I agree on what is needed in the Market. I lived in California and at the Farmers Market there were 4-6 people selling Corn and Carrots. People would walk back and forth and compare prices. Then one guy at the market would just go out and buy stuff wholesale and sell it there at the Market. That way he could sell it cheaper and just get more the next week. On 2 acres I would want something usually Different than most other people had. Something that takes up a small beds to grow it in.
Talk about Different. One Guy out in Palm Desert would sell Worm Tea by the gallon at the farmers market. Soil needed a lot of help out there, so that was his product.
Joined: Nov 21, 2010
Location: Eastern Kansas
Have you chosen a market yet?
In a farmers market I can see selling short logs that are bearing shitake mushrooms, along with a pamphlet telling how to care for the log and how many flushes are common. But, I cannot imagine a grocery store touching something like that!
For a farmers market, I have seen honey, asparagus, blackberries, jelly, and flowers. How earlky does your farmers market start up? Can you sell daffodils or are they too early?
Joined: Dec 28, 2012
I see not much activity lately. Open Question. What do most of you think the best product would be to sell for a profit on a small amount of property. Something that would be fairly easy and has more than a fee week window to sell it fresh. Other than Pet Rocks!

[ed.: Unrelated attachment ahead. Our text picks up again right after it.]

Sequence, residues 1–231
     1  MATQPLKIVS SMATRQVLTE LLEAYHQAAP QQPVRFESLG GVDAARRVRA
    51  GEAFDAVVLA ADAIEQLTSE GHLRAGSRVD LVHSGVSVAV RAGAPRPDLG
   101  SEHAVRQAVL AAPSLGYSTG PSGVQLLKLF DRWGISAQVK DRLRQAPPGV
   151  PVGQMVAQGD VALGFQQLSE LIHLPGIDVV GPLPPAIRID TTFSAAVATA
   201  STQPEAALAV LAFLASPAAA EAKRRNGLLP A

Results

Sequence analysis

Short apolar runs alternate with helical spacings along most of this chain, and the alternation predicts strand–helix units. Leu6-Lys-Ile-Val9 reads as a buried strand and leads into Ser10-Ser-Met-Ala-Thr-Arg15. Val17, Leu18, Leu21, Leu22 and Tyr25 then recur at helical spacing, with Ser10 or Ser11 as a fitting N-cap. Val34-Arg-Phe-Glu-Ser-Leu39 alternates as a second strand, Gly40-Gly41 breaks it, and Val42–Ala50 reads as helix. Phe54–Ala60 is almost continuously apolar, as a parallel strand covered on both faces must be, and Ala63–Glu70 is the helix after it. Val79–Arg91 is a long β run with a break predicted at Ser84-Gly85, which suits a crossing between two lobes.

Joined: Jun 21, 2012
Location: Arkansas Ozarks zone 7 stoney acidic sandy loam
Jeremiah wales wrote:I see not much activity lately. Open Question. What do most of you think the best product would be to sell for a profit on a small amount of property. Something that would be fairly easy and has more than a fee week window to sell it fresh. Other than Pet Rocks!
As others have said checking out the markets would be the first step. I would also go for some diversity even on a small lot. Nice soft neck braidable garlic...braided with a few cayenne and herbs will sell for a lot more than individual bulbs. and luffa...easy to grow most places, store well and make a nice item with handmade soap and a drawstring bag. I think if my space were limited I would go for things that could go the direction of "value added". Maybe go for a theme, so everything was gourmet cooking related including handcarved wooden spoons/homemade potholders/herb blends or bath related...the luffa sponge, handmade soap and bath salts/herbs/oils. Anyway I wouldn't try for any one thing, in my experience thats the crop that will fail that year or the deer will discover it or you can't get a good price for it because everybody has it at the farmers market.
Arkansas does not require a certified kitchen in order to sell baked goods at farmers mkts (and school and church bake sales). I don't think this is the case in every state. Homebaked breads and cookies are one of the best sellers at our local market.
I think anything really easy is probably already in the market. I'm not sure I could use "fairly easy" and "profit" in the same sentence!
Joined: Nov 21, 2010
Location: Eastern Kansas
The items that I know about either need care or they are ready when they are ready. Daffodils and asparagus and lilacs in the spring, bittersweet in the fall, and so forth.
I have never raised jeruselum artichokes so I do not know about them. However, unless you find a wholesaler who wants to handle them, I cannot imagine that you will sell enough of them to get you an amount of money that is interesting!